Those who suffer from an eosinophilic disorder or have a child with the condition can understand the financial stress it can present. For adults, it can be difficult to maintain full-time work due to the effects of the condition. For parents of a child who has been diagnosed, parents may feel the inclined to leave the workforce in order to care for their child. Both situations can put a family under financial strain. However, the Social Security Administration provides benefits that can help alleviate this burden. Social Security Disability benefits can provide your family with the monthly income needed to help pay for the building medical bills.
The Social Security Disability Programs
There Social Security Administration (SSA) offers two disability programs, Social Security Disability Insurance (SSDI) and Supplemental Security Income (SSI). Both programs differ in their technicalities, but to qualify for either you must be considered disabled under SSA standards.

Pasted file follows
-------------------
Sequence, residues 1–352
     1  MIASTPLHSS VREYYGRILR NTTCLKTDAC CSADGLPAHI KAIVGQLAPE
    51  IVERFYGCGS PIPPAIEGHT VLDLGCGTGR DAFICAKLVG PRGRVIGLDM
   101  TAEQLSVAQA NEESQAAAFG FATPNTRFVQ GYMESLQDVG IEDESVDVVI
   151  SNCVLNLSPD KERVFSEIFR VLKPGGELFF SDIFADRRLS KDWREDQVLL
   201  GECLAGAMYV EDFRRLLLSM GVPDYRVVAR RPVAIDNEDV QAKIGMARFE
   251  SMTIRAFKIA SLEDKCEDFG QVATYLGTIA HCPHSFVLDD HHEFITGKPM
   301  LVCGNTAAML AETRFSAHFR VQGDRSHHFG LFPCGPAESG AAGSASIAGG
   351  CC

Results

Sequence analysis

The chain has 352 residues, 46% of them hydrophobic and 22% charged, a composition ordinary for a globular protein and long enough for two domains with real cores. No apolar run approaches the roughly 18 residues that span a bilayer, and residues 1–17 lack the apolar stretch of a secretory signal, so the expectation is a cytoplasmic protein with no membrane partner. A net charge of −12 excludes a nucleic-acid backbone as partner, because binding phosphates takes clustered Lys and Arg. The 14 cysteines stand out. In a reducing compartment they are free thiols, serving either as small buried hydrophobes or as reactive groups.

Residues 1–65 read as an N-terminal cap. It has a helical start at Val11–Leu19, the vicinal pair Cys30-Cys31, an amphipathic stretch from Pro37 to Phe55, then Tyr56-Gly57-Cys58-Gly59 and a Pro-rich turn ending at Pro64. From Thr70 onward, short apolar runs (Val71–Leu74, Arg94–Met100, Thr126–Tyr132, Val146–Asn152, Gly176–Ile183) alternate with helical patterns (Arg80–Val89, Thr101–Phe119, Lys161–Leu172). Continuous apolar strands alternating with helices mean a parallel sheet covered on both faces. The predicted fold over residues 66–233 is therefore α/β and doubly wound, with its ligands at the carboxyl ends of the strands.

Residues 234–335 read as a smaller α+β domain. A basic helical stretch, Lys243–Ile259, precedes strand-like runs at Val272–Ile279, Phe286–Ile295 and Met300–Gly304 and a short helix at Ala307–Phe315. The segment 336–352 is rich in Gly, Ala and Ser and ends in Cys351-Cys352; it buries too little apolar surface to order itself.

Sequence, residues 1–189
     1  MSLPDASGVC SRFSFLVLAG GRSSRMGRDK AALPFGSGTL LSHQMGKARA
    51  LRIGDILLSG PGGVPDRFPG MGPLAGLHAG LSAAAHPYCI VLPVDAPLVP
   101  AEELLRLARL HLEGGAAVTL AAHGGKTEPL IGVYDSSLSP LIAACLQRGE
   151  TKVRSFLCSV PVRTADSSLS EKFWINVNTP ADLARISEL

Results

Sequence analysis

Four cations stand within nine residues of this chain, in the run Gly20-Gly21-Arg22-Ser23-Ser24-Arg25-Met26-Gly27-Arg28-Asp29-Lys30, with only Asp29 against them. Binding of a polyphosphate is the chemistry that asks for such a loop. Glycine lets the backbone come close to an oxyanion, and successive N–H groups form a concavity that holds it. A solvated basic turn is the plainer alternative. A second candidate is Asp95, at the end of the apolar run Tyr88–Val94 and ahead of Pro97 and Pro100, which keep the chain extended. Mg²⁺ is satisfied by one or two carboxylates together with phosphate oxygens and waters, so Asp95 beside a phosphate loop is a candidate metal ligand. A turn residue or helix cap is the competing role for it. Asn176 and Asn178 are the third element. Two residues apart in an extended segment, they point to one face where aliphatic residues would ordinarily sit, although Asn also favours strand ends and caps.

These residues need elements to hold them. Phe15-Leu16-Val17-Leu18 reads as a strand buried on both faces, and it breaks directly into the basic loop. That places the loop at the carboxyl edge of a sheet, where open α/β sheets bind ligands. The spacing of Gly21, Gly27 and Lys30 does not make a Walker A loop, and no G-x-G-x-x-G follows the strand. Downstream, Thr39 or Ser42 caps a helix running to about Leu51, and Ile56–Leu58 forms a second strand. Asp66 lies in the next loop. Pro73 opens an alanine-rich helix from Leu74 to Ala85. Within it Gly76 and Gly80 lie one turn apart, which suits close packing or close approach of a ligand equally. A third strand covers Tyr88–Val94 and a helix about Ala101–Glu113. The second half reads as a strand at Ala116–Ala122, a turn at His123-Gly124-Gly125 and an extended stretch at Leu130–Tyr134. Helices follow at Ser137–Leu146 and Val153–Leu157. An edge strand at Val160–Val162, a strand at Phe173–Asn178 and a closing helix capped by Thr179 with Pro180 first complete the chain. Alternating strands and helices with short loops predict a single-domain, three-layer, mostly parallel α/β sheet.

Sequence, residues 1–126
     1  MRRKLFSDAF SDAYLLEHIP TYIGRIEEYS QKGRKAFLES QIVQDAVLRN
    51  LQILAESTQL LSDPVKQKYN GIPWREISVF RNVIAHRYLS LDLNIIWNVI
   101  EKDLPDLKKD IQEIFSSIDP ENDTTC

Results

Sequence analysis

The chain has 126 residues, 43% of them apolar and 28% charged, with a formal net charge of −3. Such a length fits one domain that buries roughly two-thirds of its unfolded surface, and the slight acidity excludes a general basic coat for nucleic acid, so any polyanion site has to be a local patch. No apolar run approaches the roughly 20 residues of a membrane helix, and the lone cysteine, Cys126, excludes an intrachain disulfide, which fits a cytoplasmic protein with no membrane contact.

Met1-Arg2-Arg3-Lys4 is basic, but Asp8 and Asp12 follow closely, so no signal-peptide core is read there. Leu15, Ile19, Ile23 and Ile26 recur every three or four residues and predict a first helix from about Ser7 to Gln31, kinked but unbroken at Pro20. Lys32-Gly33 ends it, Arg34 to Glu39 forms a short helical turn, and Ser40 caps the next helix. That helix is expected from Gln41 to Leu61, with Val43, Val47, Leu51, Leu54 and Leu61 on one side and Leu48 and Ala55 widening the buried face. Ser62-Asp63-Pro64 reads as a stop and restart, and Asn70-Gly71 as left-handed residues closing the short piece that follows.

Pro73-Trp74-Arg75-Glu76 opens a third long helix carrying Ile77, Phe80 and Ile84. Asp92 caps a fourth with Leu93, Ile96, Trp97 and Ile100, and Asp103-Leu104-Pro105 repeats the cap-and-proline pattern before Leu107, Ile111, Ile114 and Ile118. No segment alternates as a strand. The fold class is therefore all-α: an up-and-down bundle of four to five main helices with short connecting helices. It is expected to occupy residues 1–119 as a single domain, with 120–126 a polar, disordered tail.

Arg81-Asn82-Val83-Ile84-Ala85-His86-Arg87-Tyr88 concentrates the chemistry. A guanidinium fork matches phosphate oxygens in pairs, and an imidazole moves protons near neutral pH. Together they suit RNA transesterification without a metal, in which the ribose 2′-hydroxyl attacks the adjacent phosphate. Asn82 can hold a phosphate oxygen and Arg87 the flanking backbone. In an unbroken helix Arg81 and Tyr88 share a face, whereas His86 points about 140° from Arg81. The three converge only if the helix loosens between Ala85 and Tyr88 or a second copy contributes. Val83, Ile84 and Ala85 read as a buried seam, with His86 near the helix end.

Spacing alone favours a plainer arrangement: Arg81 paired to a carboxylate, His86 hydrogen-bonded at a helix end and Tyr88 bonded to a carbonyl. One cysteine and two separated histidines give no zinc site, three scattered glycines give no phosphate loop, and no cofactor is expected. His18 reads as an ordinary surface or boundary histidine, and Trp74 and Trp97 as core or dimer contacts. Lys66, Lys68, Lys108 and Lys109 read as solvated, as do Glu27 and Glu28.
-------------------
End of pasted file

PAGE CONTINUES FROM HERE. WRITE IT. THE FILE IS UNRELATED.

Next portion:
SSDI works somewhat like insurance. To qualify for SSDI benefits, you must have earned enough work credits through prior work history. The work credits reflect the taxes that you have paid into the Social Security system, with the amount of credits needed depending on your age. To qualify for SSDI benefits you usually need a total of 40 work credits, 20 of which must have been earned over the past 10 years. A taxpayer can earn up to 4 work credits each year, with younger applicants may qualify with fewer work credits. http://www.disability-benefits-help.org/ssdi/qualify-for-ssdi
SSI is a needs-based program for those who may not have enough, if any, work credits or who need extra support in addition to SSDI. Instead, you must meet certain financial criteria that have been set forth by the SSA. As of 2014, you must have a household income that doesn’t exceed $721 per month as an individual or $1,082 per month as a couple. You must also have no more than $2,000 in assets as an individual or $3,000 in assets as a couple to be eligible for these benefits.
Since children typically don’t have a work history, they will apply for benefits only under the SSI program. Parents or guardians applying for children will have to go through the parental deeming process. During this process, the SSA will evaluate your household income and resources to determine if your child is eligible and, potentially, the amount of monthly benefits your family could then receive. Learn more at http://www.disability-benefits-help.org/ssi/qualify-for-ssi